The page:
BACKGROUND: Infectious disease outbreaks such as the COVID-19 (coronavirus disease 2019) pandemic call for rapid response and complete screening of the suspected community population to identify potential carriers of pathogens. Central laboratories rely on time-consuming sample collection methods that are rarely available in resource-limited settings. METHODS: We present a highly automated and fully integrated mobile laboratory for fast deployment in response to infectious disease outbreaks. The mobile laboratory was equipped with a 6-axis robot arm for automated oropharyngeal swab specimen collection; virus in the collected specimen was inactivated rapidly using an infrared heating module. Nucleic acid extraction and nested isothermal amplification were performed by a "sample in, answer out" laboratory-on-a-chip system, and the result was automatically reported by the onboard information platform. Each module was evaluated using pseudovirus or clinical samples. RESULTS: The mobile laboratory was stand-alone and self-sustaining and capable of on-site specimen collection, inactivation, analysis, and reporting. The automated sampling robot arm achieved sampling efficiency comparable to manual collection. The collected samples were inactivated in as short as 12 min with efficiency comparable to a water bath without damage to nucleic acid integrity. The limit of detection of the integrated microfluidic nucleic acid analyzer reached 150 copies/mL within 45 min. Clinical evaluation of the onboard microfluidic nucleic acid analyzer demonstrated good consistency with reverse transcription quantitative PCR with a κ coefficient of 0.979. CONCLUSIONS: The mobile laboratory provides a promising solution for fast deployment of medical diagnostic resources at critical junctions of infectious disease outbreaks and facilitates local containment of SARS-CoV-2 (severe acute respiratory syndrome coronavirus 2) transmission.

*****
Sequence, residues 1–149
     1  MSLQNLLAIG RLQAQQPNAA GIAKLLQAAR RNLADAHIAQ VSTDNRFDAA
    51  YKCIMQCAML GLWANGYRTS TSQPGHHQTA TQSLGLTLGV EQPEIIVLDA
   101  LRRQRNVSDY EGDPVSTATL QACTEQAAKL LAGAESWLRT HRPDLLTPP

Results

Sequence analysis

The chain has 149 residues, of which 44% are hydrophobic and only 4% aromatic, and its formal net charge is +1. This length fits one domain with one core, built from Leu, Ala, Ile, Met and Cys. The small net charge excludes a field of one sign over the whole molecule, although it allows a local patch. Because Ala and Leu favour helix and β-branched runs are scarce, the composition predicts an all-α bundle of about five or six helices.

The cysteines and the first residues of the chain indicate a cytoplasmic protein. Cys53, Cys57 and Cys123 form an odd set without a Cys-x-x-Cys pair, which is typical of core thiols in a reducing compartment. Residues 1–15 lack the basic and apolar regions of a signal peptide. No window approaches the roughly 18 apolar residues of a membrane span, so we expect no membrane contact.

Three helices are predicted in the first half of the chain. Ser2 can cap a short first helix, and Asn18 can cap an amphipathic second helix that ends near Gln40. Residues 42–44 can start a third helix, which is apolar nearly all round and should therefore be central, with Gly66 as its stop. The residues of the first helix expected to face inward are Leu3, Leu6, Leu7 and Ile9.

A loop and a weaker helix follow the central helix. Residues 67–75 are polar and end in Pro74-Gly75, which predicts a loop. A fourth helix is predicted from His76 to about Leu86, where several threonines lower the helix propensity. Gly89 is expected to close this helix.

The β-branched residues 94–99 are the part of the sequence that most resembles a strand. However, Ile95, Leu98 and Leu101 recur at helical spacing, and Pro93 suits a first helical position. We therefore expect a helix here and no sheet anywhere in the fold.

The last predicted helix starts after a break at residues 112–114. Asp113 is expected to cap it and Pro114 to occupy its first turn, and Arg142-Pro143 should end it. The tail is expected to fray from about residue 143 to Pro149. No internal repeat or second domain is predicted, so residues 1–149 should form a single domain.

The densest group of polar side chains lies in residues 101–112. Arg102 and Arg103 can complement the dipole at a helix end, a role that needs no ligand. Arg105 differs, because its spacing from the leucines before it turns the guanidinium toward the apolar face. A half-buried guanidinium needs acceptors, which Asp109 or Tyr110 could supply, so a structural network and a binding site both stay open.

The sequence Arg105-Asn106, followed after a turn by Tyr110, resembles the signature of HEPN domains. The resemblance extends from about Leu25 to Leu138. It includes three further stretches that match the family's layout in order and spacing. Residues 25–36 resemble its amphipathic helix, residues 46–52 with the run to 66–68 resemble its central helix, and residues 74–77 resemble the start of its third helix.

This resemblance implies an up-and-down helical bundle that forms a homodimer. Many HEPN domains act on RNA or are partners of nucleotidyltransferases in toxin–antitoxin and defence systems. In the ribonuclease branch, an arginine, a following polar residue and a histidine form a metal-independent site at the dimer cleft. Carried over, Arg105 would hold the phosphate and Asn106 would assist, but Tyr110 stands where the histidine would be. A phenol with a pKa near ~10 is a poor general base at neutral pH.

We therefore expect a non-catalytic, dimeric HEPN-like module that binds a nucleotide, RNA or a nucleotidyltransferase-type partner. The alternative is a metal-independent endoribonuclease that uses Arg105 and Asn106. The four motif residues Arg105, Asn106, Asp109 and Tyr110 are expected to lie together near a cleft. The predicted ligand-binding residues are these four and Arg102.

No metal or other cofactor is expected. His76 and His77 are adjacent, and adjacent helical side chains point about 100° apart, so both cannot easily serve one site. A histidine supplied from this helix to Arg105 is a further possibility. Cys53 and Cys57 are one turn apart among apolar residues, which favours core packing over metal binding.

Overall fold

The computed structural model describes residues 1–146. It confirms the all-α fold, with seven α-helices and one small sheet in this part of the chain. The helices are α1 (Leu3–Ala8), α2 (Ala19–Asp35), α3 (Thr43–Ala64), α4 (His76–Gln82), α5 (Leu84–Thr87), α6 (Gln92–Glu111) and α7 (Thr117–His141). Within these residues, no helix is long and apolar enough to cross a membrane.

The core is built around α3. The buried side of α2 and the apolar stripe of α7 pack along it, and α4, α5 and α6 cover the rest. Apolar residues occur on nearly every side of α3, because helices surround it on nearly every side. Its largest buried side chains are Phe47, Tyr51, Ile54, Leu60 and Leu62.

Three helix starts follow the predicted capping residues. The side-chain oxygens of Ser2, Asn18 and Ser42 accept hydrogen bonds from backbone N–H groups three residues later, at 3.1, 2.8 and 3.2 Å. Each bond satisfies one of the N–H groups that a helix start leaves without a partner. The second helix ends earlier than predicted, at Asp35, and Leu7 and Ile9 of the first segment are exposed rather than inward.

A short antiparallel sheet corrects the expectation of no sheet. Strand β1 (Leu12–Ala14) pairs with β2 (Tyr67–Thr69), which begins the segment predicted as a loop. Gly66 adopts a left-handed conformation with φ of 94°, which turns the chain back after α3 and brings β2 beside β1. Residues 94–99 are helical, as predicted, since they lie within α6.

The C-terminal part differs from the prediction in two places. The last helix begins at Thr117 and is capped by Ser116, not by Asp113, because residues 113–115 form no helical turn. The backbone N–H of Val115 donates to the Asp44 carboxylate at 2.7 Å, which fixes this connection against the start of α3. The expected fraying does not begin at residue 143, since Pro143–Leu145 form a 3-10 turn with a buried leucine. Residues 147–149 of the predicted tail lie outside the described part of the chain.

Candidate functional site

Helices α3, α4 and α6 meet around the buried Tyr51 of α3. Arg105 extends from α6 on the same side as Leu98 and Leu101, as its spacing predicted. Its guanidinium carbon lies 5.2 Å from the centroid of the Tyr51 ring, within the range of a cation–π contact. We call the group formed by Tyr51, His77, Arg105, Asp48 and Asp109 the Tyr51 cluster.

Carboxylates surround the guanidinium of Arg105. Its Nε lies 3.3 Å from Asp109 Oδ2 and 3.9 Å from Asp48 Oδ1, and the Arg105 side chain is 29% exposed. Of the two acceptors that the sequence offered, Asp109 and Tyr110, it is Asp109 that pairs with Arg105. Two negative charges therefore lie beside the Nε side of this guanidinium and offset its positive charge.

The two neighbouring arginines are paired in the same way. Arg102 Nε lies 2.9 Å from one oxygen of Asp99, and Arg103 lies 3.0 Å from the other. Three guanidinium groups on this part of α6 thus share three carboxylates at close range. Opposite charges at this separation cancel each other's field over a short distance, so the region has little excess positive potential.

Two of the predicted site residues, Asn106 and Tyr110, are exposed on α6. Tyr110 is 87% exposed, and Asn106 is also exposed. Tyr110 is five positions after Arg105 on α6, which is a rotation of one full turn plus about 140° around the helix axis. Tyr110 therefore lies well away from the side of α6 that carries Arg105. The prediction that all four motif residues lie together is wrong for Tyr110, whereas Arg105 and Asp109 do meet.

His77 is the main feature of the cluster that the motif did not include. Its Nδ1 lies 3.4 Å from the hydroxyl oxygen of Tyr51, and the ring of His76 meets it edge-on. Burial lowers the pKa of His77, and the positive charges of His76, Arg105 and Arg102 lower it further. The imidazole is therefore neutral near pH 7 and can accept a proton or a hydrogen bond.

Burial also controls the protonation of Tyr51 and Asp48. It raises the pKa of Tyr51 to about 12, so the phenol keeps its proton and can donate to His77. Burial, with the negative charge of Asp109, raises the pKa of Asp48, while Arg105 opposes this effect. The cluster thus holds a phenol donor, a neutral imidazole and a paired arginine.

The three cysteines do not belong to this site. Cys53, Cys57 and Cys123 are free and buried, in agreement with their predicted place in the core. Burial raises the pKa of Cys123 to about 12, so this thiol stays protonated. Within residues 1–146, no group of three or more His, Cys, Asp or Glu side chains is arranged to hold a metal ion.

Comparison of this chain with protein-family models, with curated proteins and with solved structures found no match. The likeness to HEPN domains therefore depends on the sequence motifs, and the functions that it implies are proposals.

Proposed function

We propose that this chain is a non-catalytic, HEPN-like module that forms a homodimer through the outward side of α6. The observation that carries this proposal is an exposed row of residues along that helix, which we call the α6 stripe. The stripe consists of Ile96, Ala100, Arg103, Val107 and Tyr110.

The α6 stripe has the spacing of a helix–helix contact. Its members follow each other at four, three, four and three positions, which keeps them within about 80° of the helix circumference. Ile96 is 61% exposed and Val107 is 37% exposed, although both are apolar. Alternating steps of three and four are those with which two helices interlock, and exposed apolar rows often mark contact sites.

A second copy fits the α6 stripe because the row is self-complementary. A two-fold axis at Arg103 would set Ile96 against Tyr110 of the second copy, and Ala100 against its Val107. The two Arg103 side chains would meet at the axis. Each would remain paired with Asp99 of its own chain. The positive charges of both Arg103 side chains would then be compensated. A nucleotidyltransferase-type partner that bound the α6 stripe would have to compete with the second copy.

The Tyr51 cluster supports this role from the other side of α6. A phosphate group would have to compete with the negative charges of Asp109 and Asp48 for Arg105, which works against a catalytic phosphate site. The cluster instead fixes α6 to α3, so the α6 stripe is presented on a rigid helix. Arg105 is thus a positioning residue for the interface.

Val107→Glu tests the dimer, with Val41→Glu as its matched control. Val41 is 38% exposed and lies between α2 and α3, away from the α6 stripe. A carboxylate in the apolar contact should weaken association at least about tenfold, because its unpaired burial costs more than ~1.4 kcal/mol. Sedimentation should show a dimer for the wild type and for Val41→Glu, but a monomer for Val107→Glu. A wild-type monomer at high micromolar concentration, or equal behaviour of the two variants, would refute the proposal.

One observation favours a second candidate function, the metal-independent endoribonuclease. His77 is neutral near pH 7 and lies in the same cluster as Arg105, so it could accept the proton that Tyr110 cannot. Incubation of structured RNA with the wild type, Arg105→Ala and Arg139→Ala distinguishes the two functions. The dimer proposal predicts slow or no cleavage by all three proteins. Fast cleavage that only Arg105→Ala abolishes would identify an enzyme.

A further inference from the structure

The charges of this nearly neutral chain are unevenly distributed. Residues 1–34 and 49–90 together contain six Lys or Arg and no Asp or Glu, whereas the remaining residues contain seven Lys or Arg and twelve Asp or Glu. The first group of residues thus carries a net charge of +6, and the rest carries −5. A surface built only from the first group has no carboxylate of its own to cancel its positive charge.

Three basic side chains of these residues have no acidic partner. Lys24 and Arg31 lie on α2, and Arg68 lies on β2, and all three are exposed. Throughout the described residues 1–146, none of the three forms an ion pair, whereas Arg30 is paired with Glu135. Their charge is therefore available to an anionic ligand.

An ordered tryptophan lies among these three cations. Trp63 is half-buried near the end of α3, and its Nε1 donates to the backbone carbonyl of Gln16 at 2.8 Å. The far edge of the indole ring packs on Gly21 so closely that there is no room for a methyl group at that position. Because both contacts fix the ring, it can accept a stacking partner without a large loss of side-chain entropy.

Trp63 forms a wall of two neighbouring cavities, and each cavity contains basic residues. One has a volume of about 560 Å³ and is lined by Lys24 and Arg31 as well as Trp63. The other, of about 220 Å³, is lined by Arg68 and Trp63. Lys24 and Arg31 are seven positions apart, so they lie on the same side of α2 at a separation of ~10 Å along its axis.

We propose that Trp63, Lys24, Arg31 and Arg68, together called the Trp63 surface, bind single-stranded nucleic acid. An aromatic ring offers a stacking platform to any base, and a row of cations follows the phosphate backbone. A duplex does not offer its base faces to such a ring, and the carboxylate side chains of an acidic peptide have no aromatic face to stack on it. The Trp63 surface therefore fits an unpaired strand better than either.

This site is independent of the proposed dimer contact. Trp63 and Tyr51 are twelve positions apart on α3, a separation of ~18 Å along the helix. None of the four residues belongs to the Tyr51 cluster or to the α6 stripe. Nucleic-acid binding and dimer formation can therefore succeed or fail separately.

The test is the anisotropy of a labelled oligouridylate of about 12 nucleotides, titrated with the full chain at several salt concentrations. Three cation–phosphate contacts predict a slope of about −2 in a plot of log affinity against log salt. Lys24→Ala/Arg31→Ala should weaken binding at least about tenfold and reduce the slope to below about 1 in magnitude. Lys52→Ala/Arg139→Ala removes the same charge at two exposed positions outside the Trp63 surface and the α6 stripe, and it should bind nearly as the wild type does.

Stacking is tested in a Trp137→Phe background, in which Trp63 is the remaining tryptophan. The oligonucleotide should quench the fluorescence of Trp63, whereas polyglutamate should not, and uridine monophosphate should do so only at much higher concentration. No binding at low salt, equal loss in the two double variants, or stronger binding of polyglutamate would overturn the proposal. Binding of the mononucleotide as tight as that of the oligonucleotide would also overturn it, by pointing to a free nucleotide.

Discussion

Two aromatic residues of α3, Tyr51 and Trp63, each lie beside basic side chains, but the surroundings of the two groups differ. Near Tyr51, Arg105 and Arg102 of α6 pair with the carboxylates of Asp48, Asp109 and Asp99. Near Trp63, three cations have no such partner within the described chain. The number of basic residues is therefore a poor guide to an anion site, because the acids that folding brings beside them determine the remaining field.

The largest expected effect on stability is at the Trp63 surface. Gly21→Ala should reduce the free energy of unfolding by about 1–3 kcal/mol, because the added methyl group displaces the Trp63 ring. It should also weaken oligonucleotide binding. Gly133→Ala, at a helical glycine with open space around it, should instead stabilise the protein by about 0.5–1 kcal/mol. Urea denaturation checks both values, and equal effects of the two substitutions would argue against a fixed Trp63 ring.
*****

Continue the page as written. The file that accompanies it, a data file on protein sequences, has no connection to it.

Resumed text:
Subject(s)
COVID-19 Nucleic Acid Testing/methods , COVID-19/diagnosis , Laboratories , Mobile Health Units , Pathology, Molecular/methods , RNA, Viral/analysis , Adult , Automobiles , COVID-19/epidemiology , COVID-19 Nucleic Acid Testing/instrumentation , Female , Humans , Lab-On-A-Chip Devices , Male , Microfluidic Analytical Techniques/instrumentation , Microfluidic Analytical Techniques/methods , Middle East Respiratory Syndrome Coronavirus/chemistry , Molecular Diagnostic Techniques/instrumentation , Molecular Diagnostic Techniques/methods , Pandemics , Pathology, Molecular/instrumentation , Robotics , SARS-CoV-2/chemistry